When Jim Jarmusch last made a film, 2009’s The Limits Of Control, his hipster cool looked at risk of freezing in its self-awareness. But though the indie vet’s new one brims with outsider chic, it’s a deliciously warm, witty spin on vampires and a rhapsodic love letter to art, music, dancing, love, dressing gowns... All that makes life worth living, even when you’re undead.
Tom Hiddleston and Tilda Swinton nail it as centuries-old lovers Adam (sulky) and Eve (nurturing). They spend half the film slumped over bohemian furnishings, low with ennui or high on O-negative. But they slump playfully and beautifully, melting their sometimes icy fronts with twinkles of warmth.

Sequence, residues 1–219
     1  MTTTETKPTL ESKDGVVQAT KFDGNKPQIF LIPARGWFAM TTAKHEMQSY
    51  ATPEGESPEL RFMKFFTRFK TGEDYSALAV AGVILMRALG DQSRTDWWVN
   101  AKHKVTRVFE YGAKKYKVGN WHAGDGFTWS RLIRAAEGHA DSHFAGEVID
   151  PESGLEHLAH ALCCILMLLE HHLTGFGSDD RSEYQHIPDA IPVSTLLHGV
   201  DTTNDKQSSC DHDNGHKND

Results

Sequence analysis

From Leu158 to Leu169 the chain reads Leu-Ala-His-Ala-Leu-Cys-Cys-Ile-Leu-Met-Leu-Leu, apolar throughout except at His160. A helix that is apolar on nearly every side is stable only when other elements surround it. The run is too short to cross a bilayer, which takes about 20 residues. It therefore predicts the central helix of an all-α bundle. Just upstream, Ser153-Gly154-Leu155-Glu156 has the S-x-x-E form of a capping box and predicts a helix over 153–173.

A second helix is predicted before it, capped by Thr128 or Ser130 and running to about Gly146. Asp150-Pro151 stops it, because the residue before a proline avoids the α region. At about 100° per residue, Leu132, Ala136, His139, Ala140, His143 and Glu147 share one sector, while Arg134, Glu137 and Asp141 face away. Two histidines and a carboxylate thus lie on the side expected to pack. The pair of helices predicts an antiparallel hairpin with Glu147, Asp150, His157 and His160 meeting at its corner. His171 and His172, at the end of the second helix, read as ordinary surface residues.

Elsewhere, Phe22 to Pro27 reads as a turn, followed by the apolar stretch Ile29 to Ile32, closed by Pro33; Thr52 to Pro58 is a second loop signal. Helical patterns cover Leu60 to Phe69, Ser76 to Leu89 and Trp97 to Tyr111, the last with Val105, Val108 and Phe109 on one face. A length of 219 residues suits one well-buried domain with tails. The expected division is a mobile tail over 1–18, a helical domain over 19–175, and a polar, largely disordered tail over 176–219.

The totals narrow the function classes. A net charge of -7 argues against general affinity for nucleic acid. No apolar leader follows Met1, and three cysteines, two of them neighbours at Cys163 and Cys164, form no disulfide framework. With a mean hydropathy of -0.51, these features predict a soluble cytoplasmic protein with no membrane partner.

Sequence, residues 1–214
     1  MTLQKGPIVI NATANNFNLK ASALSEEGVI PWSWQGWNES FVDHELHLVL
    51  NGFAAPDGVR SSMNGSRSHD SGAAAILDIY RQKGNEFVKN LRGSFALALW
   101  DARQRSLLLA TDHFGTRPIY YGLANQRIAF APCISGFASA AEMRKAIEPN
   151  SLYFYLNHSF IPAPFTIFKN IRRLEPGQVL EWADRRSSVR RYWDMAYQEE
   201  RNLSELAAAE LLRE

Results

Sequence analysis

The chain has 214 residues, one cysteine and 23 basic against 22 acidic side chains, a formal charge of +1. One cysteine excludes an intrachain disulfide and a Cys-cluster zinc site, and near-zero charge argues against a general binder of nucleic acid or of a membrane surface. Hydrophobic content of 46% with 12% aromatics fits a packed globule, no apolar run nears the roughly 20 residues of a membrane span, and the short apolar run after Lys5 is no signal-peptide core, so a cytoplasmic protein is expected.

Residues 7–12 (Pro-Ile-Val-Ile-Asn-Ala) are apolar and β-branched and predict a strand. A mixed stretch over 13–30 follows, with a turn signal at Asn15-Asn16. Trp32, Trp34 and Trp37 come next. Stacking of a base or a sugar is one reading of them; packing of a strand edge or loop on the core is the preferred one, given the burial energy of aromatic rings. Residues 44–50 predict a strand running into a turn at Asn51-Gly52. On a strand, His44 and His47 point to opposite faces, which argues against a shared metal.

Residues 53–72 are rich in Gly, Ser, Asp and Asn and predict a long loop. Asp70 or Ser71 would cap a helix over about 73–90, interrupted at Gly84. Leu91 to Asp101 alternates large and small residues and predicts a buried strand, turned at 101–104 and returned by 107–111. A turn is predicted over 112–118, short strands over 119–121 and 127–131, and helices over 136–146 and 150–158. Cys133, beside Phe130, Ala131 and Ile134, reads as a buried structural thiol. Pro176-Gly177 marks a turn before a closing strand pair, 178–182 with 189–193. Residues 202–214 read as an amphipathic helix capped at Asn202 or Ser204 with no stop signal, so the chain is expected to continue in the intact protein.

Self-indulgent? To a point. But Jarmusch makes seductive work of it: the deep, dusty images, the hypnotic pacing. The in-jokes are cheeky rather than lofty, as is Jarmusch’s feather-light slant on genre staples. Blood is sustenance rather than sport to Adam and Eve, who don’t kill but obtain the red stuff via humane means.
A loving, very funny valentine to undead pleasures, with Swinton and Hiddleston on top form.